Description of source "05358+3543" from Rodriguez-Garza et al. (2017)


This source is part of the star-forming complex S233IR located at a distance of 1.8 kpc (Snell et al. 1990). S233IR contains two young embedded clusters in different evolutionary states separated by 0.5 pc. They are labeled as the northeast (NE) and southwest (SW) clusters, with estimated ages of 2 Myr and 3 Myr, respectively (Porras et al. 2000). Several star formation tracers are present in the NE cluster: H2O and OH masers (Tofani et al. 1995; Argon et al. 2000; Beuther et al. 2002d), intense Class II 6.6 GHz methanol masers (256 Jy; Menten 1991; Szymczak et al. 2000), and at least three highly collimated jets revealed from shocked H2 emission (Qiu et al. 2008; Porras et al. 2000). Three millimeter sources and possibly four molecular outflows are found in this cluster (mm1, mm2, and mm3; outflows A, B, C, and D: Beuther et al. 2002a). Outflow A is a large-scale (∼1 pc) highly collimated CO outflow possibly powered by mm1; outflow B is a high-velocity CO outflow, and outflow C is observed mainly in SiO emission. In marked contrast, the SW cluster—which harbors the IRAS source—does not show any of the star formation activity described above. No radio continuum emission at 3.6 cm was detected toward either cluster (S02).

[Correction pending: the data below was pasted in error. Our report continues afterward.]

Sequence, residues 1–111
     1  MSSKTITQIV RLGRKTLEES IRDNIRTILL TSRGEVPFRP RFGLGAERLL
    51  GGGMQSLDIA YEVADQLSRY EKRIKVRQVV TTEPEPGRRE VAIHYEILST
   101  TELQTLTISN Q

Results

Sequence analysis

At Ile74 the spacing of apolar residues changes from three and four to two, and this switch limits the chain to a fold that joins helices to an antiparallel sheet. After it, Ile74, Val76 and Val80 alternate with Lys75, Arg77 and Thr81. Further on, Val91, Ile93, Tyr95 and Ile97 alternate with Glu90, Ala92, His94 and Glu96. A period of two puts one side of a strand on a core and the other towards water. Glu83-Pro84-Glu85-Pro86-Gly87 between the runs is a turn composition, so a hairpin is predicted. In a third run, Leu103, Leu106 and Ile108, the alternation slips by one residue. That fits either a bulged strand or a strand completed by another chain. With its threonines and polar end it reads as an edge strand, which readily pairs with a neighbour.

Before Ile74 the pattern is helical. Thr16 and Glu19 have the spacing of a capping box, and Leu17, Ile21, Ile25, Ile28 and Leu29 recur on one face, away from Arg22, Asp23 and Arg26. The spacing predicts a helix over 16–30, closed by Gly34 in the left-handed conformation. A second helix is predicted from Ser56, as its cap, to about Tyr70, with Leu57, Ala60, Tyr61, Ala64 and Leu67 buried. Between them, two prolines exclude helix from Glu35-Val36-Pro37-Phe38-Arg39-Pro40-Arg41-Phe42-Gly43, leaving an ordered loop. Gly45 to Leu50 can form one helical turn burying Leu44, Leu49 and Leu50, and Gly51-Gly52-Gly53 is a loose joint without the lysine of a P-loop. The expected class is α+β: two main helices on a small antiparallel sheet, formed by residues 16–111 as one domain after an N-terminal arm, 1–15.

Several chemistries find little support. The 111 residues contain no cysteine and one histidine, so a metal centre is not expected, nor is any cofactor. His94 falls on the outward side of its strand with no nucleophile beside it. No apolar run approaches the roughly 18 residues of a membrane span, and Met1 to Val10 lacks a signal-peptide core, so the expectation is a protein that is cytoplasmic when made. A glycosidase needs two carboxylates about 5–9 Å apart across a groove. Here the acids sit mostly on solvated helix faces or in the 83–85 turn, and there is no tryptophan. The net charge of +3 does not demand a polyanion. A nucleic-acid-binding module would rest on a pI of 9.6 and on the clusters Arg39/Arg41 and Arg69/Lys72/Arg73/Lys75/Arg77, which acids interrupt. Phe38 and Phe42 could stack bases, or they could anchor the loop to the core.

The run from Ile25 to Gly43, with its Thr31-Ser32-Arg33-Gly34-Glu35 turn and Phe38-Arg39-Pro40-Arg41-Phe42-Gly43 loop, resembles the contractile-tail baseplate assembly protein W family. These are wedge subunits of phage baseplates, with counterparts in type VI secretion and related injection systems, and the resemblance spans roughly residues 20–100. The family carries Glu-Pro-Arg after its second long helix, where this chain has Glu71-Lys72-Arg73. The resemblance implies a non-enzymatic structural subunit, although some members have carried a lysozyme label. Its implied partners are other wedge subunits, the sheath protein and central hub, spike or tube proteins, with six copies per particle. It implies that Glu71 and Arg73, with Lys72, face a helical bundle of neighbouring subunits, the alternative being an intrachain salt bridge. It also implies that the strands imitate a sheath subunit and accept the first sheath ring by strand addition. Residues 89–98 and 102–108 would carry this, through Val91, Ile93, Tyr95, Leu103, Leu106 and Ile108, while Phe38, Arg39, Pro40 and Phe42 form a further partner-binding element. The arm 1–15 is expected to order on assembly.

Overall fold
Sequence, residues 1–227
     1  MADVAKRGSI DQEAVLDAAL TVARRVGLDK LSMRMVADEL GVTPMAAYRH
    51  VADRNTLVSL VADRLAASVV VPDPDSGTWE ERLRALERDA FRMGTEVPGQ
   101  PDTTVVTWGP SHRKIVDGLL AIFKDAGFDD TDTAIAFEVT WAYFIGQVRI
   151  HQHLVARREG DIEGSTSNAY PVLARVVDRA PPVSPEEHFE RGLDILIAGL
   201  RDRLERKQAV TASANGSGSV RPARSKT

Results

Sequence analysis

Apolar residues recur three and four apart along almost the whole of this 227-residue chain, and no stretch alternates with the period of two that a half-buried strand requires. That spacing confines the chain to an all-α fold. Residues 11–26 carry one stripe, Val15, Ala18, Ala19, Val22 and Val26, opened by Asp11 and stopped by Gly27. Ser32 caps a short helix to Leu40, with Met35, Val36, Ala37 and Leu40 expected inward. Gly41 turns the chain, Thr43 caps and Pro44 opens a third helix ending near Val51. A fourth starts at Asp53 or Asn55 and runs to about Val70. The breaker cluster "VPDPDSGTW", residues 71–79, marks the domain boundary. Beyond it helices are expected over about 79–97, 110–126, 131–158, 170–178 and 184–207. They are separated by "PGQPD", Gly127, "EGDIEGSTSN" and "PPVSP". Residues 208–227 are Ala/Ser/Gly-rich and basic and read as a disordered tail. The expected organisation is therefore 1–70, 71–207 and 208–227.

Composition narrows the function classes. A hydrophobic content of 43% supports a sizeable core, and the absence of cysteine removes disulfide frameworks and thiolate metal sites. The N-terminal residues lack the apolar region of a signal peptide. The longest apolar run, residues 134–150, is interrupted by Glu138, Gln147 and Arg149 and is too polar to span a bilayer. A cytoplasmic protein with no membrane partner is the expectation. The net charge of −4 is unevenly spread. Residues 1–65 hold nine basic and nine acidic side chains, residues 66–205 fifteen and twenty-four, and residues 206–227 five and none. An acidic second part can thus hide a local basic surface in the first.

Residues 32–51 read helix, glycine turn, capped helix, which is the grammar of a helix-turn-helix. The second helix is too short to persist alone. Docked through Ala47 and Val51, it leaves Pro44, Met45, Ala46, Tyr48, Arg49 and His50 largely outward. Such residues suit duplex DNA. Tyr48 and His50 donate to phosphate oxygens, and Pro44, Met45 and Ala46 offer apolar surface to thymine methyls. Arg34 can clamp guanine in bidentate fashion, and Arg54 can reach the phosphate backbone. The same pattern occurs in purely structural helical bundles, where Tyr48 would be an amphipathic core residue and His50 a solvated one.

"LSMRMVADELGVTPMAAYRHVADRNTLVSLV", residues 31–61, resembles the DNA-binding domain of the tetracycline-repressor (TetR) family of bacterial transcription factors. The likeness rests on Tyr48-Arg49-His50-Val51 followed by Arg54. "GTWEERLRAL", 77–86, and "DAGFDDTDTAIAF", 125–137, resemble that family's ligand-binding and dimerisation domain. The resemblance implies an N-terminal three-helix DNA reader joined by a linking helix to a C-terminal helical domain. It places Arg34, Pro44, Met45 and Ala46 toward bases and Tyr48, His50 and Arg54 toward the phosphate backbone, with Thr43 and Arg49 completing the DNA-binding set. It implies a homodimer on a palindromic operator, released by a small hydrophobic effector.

Our observations were centered on the IRAS source in the SW cluster where one maser spot was detected; the NE cluster is outside our primary beam, although two maser spots were detected here (see Figure 1). The largest primary beam correction factors reported in Table 4 were applied to this source. In total, three methanol maser spots were detected; the one detected toward the SW cluster is coincident with SiO emission from the southern lobe of outflow C and also with an extended green feature that appears to be emanating from the SW cluster in a NW–SE direction. The other two in the NE cluster are either coincident with the inner knots of outflow A or with the tip of the southeastern lobe of outflow B. One of these two masers is also coincident with H2 emission (knot N4A: Porras et al. 2000 bow shock 1: Varricatt et al. 2010; Beuther et al. 2002a). In contrast to the Class II, H2O, and OH masers that are projected near the center of the NE cluster (Porras et al. 2000), the Class I masers are located at the borders of the star formation regions.

Litovchenko et al. (2011) made single-dish observations of 44 GHz masers in this source. Their pointing was centered toward the NE cluster and did not detect emission. Their primary beam covers the complete area where we detect two bright masers of 24.72 and 5.01 Jy. Their nondetection suggests variability.